Ireland can ‘absolutely’ still win the Six Nations – Peter O’Mahony
IRELAND VICE-CAPTAIN Peter O’Mahony said he and his team-mates are not panicking in the wake of Saturday’s comprehensive defeat to England.
O’Mahony stressed that the loss on home soil hurt but underlined his belief that Ireland can still win the Six Nations this year.
“Absolutely,” said the Cork man when asked if Joe Schmidt’s side can bounce back to earn a championship success in the coming weeks.
“I don’t know why we would be panicking.
Source: Ryan Byrne/INPHO
“You know, we’ve been sitting here for a long time now and it’s been all positive, this and that, but we were up against one of the best teams in the world and we got beaten, and we’re certainly not going to shy away from that.
“We’re hurting. The Aviva is a place where we haven’t lost in a while. You never like losing, no matter if you are playing for Ireland or your club but particularly at the Aviva which is somewhere we have made a fortress. Certainly, that hurts.
“The beauty of our job is that, bar the last game of a campaign, you can get back out if you are given a shot, work hard and train hard during the week for the opportunity to put that right. I’m certainly not going to sit here and say it didn’t hurt. It did, but we can’t be sitting around here feeling sorry for ourselves.”
Ireland have the opportunity to show their true quality against Scotland on Saturday in Murrayfield, where Schmidt’s side lost on their last visit in 2017.
O’Mahony said Ireland won’t be looking to reinvent the wheel after last weekend’s disappointment.
“We’ve got to get back to the things we do well,” said O’Mahony. “We’ve reviewed them and they’re the areas that we’re going to go to base our performance on this weekend.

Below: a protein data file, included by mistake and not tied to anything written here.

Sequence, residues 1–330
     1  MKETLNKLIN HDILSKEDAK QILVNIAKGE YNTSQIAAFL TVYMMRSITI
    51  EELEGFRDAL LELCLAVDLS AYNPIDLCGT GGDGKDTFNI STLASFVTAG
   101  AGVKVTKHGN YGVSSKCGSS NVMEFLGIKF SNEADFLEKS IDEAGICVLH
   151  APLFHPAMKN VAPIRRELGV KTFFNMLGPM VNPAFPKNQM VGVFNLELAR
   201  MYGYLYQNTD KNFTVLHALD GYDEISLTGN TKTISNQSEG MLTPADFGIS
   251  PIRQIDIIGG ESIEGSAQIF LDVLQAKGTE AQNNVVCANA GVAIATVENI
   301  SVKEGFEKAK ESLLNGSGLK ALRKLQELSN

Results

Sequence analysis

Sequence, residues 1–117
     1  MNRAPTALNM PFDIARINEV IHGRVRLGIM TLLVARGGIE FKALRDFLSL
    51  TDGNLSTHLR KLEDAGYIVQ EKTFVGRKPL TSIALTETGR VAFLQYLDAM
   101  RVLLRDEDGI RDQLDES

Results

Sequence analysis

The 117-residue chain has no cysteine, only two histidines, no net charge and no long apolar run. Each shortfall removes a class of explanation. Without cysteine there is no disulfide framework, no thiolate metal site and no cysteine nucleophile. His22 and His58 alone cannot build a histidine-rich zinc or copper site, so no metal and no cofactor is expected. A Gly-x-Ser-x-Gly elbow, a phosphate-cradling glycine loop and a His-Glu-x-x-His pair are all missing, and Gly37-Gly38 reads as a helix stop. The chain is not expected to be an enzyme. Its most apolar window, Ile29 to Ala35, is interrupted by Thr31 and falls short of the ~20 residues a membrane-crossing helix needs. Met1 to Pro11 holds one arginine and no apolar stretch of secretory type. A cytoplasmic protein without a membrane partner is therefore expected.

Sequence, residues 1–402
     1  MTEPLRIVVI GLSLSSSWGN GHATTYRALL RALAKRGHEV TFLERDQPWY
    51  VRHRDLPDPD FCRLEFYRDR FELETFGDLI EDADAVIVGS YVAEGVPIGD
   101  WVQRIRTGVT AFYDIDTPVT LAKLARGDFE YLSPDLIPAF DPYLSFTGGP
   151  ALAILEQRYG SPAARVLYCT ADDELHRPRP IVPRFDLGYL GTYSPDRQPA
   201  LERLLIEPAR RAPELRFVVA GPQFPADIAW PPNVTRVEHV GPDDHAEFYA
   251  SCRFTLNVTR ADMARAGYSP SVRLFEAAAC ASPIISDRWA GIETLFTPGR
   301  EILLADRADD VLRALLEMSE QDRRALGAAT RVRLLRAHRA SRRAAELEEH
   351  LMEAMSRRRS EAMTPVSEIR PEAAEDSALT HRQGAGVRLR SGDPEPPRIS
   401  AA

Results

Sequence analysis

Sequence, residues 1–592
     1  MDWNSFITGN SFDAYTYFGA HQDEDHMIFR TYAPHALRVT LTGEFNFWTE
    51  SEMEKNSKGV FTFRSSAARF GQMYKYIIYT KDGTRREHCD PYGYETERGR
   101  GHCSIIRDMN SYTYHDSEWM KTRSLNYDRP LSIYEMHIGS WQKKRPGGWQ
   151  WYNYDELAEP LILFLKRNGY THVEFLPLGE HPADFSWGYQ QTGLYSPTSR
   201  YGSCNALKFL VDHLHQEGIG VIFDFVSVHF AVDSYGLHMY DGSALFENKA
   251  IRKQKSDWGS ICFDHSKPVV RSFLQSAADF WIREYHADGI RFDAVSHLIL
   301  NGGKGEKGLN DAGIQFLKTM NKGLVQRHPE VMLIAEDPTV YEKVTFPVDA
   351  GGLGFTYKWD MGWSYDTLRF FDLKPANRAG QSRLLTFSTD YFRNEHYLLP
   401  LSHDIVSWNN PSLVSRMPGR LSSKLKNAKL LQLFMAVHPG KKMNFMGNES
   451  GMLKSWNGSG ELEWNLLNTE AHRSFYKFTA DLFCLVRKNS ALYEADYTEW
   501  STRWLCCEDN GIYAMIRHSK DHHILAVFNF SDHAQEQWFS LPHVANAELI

“We’re certainly not going to throw all the game plan out of the window and start fresh, or start with something new.
“We’ve built a squad and a game plan for a long, long time now and we certainly won’t be going away from it.
“We just need to realise how important the stuff that we do well for our game is.”
O’Mahony in action against England. Source: Inpho/Billy Stickland
Speaking on Saturday night, Schmidt had indicated that he felt Ireland had been “bullied,” although O’Mahony didn’t quite go along with the idea that he and his team-mates were beaten up by England.
“Look, at the end of the day you are coming up against one of the best teams in the world regardless of world ranking,” said O’Mahony.
“You look at the quality England had before and we do a lot of video work, we come up against some of the best individuals in the world. When they fire well they are difficult to stop. We certainly weren’t happy with some of the areas of our game.
“Some of our strong points that we base our game around, we didn’t fire a lot of times, which is disappointing. But it was probably a combination of those factors of England playing very well and us not living up to our own standard in areas that we normally do.”
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